After about 10 years of fiddling around with all this stuff, I'm pretty solidly convinced that when the brain is well and truly asleep, that's it: nothing's coming in. And having entrainment and other audio going on during your sleep hours will also wreck the quality of what sleep you get.



    I suppose it's possible that your brain could be in deep Delta while also having activity in the Alpha or Theta bandwidth such that information could make its way in, but it's never worked for me.



    Anyway, if you have specific questions about this or that, I might be able to answer, but otherwise I'd probably just ramble on in a very unhelpful manner.
  • AndreasAndreas ✭✭
    edited February 2013
    @anthonylee -- Three decades back Sheila Ostrander and Lynn Schroeder built on some research originally done in the Eastern block and published a book called "Super Learning" - an early brain hacking technology.



    If memory serves, the approach had four key components.
    • Relaxation-- An Eames chair with an ottoman always seemed just about right for these experiments (any recliner would do).
    • Music -- the system used adagio movements of baroque music. These slow movements typically have around 60 beats and reportedly help coax ones brain into an alpha wave state (or some state similar to what children have when they sponge up all the information around them).
    • Breathing -- the system then had you breath in a regular pattern, something like inhale for 6 seconds, hold for 6 seconds, exhale for 6 seconds, hold for 6 seconds (then repeat). Thinking about it, I fall into the same breathing pattern when I do HeartMath.
    • Information delivery -- The approach would then deliver recorded information in short 6 second snippets during the breath holding intervals. It claimed that during these specific intervals the brain could most readily absorb information.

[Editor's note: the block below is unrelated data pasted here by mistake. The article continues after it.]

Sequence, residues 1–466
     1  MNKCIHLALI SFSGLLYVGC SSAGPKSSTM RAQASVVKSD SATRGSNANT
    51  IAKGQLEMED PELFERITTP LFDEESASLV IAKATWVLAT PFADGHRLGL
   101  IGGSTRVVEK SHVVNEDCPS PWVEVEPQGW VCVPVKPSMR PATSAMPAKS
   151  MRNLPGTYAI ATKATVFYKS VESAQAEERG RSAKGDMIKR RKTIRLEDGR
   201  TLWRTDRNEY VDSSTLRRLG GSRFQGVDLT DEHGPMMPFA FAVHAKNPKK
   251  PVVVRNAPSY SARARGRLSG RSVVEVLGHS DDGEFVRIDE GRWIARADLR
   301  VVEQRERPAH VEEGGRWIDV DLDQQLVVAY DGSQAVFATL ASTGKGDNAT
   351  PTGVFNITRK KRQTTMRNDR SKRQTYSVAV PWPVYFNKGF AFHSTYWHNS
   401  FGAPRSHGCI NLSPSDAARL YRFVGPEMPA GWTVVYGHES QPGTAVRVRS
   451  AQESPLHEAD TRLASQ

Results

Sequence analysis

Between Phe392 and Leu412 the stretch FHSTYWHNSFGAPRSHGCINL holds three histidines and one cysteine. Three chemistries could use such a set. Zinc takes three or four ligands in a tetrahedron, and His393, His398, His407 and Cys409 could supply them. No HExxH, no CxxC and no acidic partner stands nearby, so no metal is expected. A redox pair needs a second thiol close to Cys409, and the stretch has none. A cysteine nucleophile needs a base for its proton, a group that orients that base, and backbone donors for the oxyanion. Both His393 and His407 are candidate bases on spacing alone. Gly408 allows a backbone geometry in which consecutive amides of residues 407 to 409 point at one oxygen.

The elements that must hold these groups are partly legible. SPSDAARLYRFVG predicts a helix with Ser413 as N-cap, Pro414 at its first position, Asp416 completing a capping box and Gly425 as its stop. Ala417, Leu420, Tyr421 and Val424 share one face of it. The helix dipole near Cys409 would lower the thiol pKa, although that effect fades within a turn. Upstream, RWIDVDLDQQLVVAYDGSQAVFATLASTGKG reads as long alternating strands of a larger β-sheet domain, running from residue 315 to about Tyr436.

The authors formed a company and sold some music tapes and even some language learning programs. They claimed that foreign correspondents and state department staff used them.



    In those days of audio tape and limited home availability of multitrack recording devices assembling one's own learning in the above structure proved challenging, but the times I did do it I felt like I had simply uploaded the information into my brian.



    I have to admit that the book and the approach all seemed a bit of a scam, more reports of all the miracles the approach produced than real explanations of why it worked, but I think the authors did stumble on somethings that had merit.
  • Mostly agree with hza, however, not with:


    'hza' wrote:


    After about 10 years of fiddling around with all this stuff, I'm pretty solidly convinced that when the brain is well and truly asleep, that's it: nothing's coming in.




    I remember studies about the http://en.wikipedia.org/wiki/K-complex showing that there is information coming in during the K-complex. You have most probably experienced this yourself when an outside noise (e.g. a phone ringing) somehow manifests itself inside a dream. I can't find a reference right now, though.



    And I also don't claim this is useful for learning or sleep hacking or anything. Just evidence that stuff DOES come in.